In 1981 Parade magazine: index to know your ancestors, 1971-1980 was prepared by Vera Cobden, a member of the Heraldry & Genealogy Society of Canberra. It consists of around 7700 entries and there is a copy of this available for researchers in the Central Library.

Popularity of genealogy
I think seeing a family history section, which was very popular, in a barbershop magazine shows how interest in genealogy was growing through the 1960s and 1970s.

In Family matters: a history of genealogy, author Michael Sharpe tracks the growing popularity of genealogy in the UK.

From the formation of the UK Society of Genealogists in 1911 he says there has been steady growth over the past 100 years but points out that newspapers from the 60s and 70s regularly comment on the growing interest in family history research during that time.

Sharpe cites three big events which happened to help spur interest:

The release of the 1861 Census returns in 1962 meant by 1963 the Public Record Office (National Archives) was receiving over 38 000 visits a year. Some thirty years after it was first conceived, the National Index of Parish Registers (NIPR) was eventually published in early 1967 and in 1972 the 1871 Census was released on microfilm.

Sharpe also acknowledges the importance of the ongoing Church of Jesus Christ of Latter-day Saints (LDS Church) microfilming work. The activities of the LDS Church proved a major impetus to the development of family history during the post-war period, both in Britain and the United States (and in Australia and New Zealand). This work continues today on a global scale through digitisation projects.

The situation in New Zealand mirrored what was happening in the UK.

From the 1966 National Archives of New Zealand Summary of work, “During the last two years, all reference services showed an increase of approximately 50 per cent. Genealogy more than double the second number of written enquires (Local History) 118 – 54 (p.18).”

In the 1969 edition, Judith S. Hornabrook writes, “The greatest number of individual enquiries we receive at National Archives comes from people who wish to find out something about their ancestors (p.11).”

Looking at the written research queries received at the National Archives it went from 118 of 367 (32%) in 1966, steadily growing to 57% in 1976.

Sharpe describes the environment researchers faced, “Since the early 1960s genealogists have banded together in locally based societies… The camaraderie engendered by local societies …acted as a counterweight to the austere and unwelcoming environment found elsewhere. Archivists and librarians of the 1960s and 1970s did not quite know what to make of the new clientele – whom they rather cruelly referred to as ‘genies’ – that was descending on their hallowed repositories (p.14).”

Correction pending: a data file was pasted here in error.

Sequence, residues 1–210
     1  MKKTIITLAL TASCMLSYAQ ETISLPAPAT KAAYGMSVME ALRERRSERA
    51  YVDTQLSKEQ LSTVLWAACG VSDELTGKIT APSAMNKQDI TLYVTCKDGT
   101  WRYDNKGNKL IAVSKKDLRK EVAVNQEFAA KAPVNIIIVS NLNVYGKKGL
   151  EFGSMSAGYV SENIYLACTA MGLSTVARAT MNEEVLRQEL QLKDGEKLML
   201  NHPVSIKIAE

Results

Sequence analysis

Thankfully this is no longer the case, but one thing librarians and archivists do wonder about is the continuing growth of interest in family history.

Bateson thought non-indigenous Australians were inspired to become interested in their own origins by the bicentenary of Captain Cook’s landing in Botany Bay and sought to discover how their ancestors came to Australia.

Popular opinion (and Wikipedia) points to the success of the television mini-series Roots igniting the public’s interest in their ancestors, but Sharpe’s book explains that it had been steadily increasing for the past century, aided by technological developments.

Now we’ve also experienced the post-millennium family history boom fuelled by things like TV shows, the 1901 census (published online in 2003), network and digital technologies, and DNA testing.

Do you have an opinion? Let us know in the comments why you think genealogy and family history continue to grow in popularity.

Author: Andrew Henry, Heritage Collections


  1. Add it to Papers Past, if possible :-)

    1. Yes, I agree or the Australian equivalent Trove! - Andrew

  2. Was Fred Bassett in it? What about the Phantom?

    1. There were no syndicated comics in the magazine, just the work of Australian artists on the covers. - Cheers, Andrew